Stator magnet 5 is attached to a platform 6, which is mounted on resiliently bendable supports 7 on the fixed stator 8 in such a way that it is rigid in vertical direction but can vibrate compliantly in the horizontal plane. For the resiliently bendable supports 7 in the practical example, there are used metal pins clamped at one end to stator 8, the ends opposite the clamped ends supporting the platform 6, allowing the platform to vibrate freely by motion in the horizontal plane. In the process, the metal pins are resiliently deflected, the movement of supports 7 being marked schematically as bending line 9 in the drawing.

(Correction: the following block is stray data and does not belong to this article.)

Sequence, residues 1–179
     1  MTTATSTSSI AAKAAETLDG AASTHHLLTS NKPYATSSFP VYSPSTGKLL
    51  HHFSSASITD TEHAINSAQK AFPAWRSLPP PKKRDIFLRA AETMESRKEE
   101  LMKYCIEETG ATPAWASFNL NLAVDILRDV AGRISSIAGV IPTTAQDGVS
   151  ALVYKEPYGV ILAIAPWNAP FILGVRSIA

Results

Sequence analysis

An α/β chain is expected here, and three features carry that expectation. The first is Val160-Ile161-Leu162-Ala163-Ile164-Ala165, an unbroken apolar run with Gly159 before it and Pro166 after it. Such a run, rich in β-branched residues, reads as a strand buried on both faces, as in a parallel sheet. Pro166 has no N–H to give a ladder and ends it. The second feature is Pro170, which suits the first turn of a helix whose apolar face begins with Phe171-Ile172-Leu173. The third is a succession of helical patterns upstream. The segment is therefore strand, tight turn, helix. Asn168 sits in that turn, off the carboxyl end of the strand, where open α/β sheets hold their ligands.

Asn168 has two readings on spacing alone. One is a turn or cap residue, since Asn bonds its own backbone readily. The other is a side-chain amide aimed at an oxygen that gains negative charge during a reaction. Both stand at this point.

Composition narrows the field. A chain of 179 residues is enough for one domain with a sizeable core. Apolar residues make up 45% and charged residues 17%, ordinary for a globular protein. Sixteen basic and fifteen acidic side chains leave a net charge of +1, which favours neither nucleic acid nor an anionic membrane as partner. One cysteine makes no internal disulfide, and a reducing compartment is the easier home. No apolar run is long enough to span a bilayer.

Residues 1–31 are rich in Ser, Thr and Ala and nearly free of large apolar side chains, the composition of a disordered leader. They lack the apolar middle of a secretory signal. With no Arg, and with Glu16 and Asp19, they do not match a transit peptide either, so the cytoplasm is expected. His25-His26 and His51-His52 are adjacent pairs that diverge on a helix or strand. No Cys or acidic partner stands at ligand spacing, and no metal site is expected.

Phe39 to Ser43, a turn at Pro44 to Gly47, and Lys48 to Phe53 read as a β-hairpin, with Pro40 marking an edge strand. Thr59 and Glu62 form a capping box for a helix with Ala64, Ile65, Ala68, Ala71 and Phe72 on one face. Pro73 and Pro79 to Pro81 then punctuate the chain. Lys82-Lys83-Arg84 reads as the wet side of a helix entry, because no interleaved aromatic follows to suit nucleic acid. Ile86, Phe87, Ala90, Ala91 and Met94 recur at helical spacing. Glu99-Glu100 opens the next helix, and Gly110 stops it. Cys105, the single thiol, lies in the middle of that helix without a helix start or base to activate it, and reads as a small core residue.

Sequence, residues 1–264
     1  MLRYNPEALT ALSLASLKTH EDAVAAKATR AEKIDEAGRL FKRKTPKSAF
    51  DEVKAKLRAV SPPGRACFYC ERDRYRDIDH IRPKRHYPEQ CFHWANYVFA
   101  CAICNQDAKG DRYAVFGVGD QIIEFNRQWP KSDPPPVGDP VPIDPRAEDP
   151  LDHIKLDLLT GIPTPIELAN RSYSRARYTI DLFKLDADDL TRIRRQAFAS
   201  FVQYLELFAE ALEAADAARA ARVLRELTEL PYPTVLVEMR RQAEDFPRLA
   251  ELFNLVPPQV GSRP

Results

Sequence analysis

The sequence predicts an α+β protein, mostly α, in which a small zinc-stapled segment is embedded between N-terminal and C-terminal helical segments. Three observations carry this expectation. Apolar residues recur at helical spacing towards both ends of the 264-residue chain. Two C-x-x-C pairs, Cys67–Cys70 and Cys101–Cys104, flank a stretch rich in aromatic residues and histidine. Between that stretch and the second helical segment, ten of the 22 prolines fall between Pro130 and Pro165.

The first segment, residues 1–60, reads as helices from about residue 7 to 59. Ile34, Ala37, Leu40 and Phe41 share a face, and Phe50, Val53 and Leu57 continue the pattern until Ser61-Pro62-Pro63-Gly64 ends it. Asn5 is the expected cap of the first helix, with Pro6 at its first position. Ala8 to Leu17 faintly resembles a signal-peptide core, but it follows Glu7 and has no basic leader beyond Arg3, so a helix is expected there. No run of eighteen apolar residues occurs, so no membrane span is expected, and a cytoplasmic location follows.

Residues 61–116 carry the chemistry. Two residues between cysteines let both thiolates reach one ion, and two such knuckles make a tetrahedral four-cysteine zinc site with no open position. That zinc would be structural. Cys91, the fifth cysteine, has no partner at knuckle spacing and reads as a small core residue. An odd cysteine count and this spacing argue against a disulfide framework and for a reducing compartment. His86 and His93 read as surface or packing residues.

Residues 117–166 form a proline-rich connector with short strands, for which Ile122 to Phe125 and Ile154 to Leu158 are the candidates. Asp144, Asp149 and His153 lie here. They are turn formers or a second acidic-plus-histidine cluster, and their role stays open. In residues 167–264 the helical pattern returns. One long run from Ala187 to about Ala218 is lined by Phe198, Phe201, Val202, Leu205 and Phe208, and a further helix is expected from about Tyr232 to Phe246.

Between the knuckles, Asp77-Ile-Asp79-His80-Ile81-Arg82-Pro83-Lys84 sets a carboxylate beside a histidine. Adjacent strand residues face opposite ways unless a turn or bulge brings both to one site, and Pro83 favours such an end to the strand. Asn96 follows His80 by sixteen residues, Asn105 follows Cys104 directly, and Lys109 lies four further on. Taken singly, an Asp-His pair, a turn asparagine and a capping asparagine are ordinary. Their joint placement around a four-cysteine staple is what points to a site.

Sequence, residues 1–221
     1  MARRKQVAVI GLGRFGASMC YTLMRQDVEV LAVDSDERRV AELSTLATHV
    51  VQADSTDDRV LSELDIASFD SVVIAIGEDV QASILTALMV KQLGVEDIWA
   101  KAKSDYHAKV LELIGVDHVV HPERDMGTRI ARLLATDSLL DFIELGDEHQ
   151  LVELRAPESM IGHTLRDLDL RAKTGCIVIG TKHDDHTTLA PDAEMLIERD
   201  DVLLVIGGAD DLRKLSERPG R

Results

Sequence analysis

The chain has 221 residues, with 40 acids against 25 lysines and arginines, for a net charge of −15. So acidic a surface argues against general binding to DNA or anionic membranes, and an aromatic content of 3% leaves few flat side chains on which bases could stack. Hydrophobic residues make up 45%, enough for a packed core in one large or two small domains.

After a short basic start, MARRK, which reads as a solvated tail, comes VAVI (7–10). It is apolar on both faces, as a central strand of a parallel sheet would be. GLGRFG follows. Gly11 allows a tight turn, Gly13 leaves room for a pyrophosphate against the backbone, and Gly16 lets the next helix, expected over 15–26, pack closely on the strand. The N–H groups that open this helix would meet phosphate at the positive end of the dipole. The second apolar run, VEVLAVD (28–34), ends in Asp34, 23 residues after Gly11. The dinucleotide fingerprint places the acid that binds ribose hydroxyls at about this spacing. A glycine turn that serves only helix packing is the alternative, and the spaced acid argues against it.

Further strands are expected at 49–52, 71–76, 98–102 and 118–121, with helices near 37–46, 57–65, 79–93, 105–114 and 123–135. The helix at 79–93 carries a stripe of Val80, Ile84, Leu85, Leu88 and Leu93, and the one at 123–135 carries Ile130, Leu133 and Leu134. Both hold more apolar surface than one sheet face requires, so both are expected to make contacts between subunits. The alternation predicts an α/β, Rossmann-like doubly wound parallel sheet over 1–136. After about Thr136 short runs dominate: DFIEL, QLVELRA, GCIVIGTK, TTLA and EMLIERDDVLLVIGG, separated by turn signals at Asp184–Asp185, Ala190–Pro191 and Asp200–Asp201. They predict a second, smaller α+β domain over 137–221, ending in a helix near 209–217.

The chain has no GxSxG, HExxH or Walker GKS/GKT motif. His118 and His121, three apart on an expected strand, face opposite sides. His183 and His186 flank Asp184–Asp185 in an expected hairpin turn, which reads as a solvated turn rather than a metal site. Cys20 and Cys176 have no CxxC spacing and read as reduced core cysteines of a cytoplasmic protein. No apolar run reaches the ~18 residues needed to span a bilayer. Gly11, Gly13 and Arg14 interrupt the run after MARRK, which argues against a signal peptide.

Platform 6 is supported on stator 8 with three supports 7, one of which is shown in the longitudinal section of the magnetic bearing illustrated in the drawing. The metal pins forming the supports are resiliently movable in all radial directions relative to the pin axis, and so platform 6 can vibrate freely in any direction in the horizontal plane oriented parallel to the magnet faces of rotor and stator magnets in horizontal bearing gap 4.